Paroxetine generally does not appear to cause clinically important sedation and generally does not interfere with psychomotor performance.Controlled studies in healthy young individuals and in patients with major depression did not demonstrate any adverse effects on psychomotor performance in those receiving 20-mg doses of the drug. No adverse effects on psychomotor performance or cognitive function were observed in healthy men older than 60 years of age who received single and repeated doses of paroxetine 20 mg in a controlled study; in some tests (e.g., critical flicker fusion thresholds), paroxetine improved information processing ability.In a controlled study evaluating the effects of paroxetine (20 or 40 mg administered daily for 8 days) on psychomotor performance and car driving in healthy males, the 20-mg dosage was found to have no effect while the 40-mg dosage was not found to affect road tracking but slightly impaired performance in some psychomotor tests in a persistent manner.Further study is needed to clarify whether paroxetine may adversely affect psychomotor performance at dosages of 40 mg daily or more.
Cardiovascular Effects
No clinically important changes in vital signs (systolic and diastolic blood pressure, heart rate, temperature) were observed in patients receiving paroxetine in controlled trials.Paroxetine also appears to have little effect on the ECG.In controlled studies, paroxetine did not produce clinically important changes in heart rate, cardiac conduction, or other ECG parameters in patients receiving the drug.In depressed patients with stable ischemic heart disease, paroxetine did not substantially affect blood pressure or conduction intervals and did not produce sustained effects on heart rate, heart rhythm, or indexes of heart rate variability. However, a small but statistically significant QRS widening relative to placebo was reported in one study,and ECG changes occasionally have been reported in healthy individuals and patients receiving the drug.In addition, the relative safety of paroxetine in patients with underlying cardiac disease, particularly those with severe cardiovascular disease and immediately following a myocardial infarction, remains to be more fully elucidated.Paroxetine did not demonstrate any substantial change in cardiovascular autonomic function tests (such as heart rate variability) in a limited number of depressed patients receiving the drug for 14 days.On the other hand, paroxetine has been shown to increase heart rate variability in a limited number of patients with panic disorder, a condition associated with decreased heart rate variability and consequently an increased risk of serious cardiovascular problems including sudden cardiac death.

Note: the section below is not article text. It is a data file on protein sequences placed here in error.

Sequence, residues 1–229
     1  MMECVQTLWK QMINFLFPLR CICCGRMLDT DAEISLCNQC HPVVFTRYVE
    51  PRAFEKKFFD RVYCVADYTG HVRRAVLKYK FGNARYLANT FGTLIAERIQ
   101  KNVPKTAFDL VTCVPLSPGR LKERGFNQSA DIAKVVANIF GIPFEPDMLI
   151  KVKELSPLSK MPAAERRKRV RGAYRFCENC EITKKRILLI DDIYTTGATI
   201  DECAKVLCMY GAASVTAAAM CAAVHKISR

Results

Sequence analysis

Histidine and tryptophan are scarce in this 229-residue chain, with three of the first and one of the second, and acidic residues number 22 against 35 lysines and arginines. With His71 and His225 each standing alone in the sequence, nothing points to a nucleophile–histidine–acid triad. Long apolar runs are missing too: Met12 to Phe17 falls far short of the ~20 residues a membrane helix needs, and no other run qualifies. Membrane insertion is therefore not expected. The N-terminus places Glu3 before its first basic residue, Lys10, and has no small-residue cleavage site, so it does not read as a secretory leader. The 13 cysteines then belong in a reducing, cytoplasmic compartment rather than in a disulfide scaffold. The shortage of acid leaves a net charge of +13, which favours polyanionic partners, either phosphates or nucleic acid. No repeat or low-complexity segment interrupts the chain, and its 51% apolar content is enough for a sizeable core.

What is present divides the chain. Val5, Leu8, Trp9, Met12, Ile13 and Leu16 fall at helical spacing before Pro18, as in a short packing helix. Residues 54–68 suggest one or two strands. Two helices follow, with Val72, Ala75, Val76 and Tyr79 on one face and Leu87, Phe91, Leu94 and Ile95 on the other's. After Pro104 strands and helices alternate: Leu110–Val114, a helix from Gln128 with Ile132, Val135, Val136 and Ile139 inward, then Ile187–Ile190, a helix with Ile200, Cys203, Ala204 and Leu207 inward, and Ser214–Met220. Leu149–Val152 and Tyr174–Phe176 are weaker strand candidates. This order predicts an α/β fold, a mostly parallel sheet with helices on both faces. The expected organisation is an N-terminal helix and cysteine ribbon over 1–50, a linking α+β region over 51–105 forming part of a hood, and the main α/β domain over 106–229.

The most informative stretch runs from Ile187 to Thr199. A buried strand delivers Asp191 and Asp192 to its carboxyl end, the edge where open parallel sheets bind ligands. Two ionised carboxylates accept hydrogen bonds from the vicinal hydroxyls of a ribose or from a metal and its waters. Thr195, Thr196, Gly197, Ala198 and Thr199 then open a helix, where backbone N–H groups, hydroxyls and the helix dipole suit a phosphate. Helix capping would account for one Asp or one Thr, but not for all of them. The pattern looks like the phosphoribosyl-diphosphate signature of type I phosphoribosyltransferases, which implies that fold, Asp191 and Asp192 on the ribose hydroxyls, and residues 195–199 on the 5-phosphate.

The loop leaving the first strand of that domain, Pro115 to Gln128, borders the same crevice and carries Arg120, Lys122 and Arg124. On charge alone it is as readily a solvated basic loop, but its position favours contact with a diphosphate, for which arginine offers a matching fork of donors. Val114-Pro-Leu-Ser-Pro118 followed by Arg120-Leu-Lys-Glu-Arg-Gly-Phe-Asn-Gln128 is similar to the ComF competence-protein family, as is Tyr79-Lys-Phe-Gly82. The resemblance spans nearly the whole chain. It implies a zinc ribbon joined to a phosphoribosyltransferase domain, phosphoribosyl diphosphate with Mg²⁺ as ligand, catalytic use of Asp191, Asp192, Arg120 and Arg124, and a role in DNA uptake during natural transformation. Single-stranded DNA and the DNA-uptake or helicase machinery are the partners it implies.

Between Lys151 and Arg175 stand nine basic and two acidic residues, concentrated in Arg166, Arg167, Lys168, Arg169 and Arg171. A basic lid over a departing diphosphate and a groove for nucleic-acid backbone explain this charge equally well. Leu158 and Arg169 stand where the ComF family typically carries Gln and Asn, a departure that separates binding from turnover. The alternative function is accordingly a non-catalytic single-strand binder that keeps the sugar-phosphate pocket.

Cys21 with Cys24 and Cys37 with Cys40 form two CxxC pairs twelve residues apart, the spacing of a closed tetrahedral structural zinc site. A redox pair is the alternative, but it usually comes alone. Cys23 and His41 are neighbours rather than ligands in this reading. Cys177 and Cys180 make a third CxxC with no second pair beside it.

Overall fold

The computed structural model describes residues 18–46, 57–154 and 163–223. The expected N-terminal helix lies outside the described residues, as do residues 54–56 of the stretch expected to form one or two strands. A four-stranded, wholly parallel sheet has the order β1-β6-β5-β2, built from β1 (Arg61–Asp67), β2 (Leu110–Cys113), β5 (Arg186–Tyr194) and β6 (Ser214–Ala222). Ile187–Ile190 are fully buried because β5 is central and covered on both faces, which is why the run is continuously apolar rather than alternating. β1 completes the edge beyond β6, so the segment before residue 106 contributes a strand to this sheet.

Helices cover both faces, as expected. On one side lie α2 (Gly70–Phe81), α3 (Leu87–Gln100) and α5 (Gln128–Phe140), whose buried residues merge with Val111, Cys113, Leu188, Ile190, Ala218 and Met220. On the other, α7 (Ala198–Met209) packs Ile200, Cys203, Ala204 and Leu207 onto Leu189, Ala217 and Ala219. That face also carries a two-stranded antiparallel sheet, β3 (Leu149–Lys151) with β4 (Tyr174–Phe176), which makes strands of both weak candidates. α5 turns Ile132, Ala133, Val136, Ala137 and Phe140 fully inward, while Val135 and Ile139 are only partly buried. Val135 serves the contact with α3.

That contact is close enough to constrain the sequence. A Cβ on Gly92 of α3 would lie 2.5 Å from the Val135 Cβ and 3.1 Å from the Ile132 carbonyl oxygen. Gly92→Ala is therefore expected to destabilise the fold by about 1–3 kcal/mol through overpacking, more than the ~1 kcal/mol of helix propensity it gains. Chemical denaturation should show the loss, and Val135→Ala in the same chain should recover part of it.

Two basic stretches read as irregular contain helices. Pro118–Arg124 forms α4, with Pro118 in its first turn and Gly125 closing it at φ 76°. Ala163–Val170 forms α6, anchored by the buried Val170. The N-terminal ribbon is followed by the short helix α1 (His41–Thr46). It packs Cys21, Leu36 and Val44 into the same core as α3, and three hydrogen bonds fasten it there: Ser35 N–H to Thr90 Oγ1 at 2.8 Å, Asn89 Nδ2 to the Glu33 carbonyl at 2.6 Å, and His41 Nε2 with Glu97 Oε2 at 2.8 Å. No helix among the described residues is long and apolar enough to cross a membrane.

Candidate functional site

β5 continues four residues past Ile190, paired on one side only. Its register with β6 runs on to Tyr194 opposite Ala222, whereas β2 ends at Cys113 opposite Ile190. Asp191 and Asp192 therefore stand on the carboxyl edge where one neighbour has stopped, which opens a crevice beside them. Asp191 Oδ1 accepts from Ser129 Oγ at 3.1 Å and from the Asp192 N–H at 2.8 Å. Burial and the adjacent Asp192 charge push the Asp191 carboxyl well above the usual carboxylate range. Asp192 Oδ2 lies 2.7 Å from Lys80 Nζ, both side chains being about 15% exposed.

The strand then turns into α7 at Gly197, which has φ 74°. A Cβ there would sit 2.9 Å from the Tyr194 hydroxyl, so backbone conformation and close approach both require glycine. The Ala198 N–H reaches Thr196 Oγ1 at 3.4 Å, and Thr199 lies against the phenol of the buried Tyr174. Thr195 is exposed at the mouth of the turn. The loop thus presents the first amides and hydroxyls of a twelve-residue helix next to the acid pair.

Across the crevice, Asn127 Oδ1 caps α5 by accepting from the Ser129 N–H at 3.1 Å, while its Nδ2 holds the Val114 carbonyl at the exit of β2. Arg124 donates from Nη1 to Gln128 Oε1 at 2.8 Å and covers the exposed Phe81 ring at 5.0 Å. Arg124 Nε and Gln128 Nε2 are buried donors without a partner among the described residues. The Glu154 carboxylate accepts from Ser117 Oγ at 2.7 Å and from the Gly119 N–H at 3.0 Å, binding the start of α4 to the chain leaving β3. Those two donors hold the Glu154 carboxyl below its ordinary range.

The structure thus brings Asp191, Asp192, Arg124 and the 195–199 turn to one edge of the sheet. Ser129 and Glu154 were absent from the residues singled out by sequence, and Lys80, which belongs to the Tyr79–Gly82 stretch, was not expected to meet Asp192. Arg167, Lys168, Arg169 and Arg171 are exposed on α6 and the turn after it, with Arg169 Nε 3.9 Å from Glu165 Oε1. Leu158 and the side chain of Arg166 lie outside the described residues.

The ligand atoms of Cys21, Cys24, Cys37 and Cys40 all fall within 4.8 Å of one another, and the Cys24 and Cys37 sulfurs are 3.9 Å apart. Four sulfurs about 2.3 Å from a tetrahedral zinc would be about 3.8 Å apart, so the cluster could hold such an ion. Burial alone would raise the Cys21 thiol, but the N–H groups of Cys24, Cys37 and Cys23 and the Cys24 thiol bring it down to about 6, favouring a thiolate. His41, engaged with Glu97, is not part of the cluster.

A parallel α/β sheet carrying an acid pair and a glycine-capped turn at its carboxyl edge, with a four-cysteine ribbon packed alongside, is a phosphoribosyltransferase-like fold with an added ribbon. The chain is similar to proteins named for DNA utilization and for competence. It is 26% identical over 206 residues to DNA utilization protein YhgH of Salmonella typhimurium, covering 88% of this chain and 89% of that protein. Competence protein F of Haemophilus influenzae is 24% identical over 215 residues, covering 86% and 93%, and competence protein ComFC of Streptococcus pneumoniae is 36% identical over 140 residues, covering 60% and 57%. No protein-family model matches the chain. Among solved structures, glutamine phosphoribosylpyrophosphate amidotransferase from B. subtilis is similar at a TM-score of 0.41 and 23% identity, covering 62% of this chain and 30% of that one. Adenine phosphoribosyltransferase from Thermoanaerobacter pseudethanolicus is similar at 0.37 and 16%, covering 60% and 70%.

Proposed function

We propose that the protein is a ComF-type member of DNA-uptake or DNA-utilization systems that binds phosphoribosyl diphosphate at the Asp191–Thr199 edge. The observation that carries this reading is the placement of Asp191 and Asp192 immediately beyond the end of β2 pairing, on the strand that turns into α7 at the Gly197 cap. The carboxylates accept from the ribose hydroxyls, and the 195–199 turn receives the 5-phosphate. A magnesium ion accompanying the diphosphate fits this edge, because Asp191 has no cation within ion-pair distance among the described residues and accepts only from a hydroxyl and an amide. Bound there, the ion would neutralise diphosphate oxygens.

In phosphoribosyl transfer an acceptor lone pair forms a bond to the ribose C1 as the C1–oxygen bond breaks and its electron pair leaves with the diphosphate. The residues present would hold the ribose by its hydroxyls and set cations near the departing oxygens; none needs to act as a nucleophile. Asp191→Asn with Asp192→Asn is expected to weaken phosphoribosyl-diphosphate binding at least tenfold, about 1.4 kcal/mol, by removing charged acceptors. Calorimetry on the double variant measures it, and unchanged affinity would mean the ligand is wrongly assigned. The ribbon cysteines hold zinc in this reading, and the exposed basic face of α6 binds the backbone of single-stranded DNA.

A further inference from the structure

Effects on Appetite and Body Weight
Paroxetine appears to possess some anorexigenic activity, although to a lesser degree than certain other serotonergic agents (e.g., fenfluramine [no longer commercially available in the US], fluoxetine, sertraline, zimelidine).Limited data from animal studies suggest that fenfluramine is the most effective inhibitor of food intake followed by fluoxetine, then sertraline, and then paroxetine. Although the precise mechanism has not been clearly established, results from animal studies indicate that the appetite-inhibiting action of these antidepressants may result at least in part from serotonin-reuptake blockade and enhancement of serotonin release thereby increasing serotonin availability at the neuronal synapse.While clinically important weight loss may occur in some patients receiving paroxetine, only minimal weight loss (averaging 0.45 kg) generally occurred in patients receiving the drug in controlled clinical trials.In addition, while decreased appetite was reported in about 6% of patients receiving paroxetine in short-term clinical trials,the drug, unlike fluoxetine, does not appear to exhibit clinically important anorectic effects.(See Cautions: Metabolic and Endocrine Effects.)
Neuroendocrine Effects
Limited data currently are available regarding the effects of paroxetine on the endocrine system.Elevated serum prolactin concentrations have been reported in some women receiving chronic paroxetine therapy.Pharmacokinetics from AHFS DI?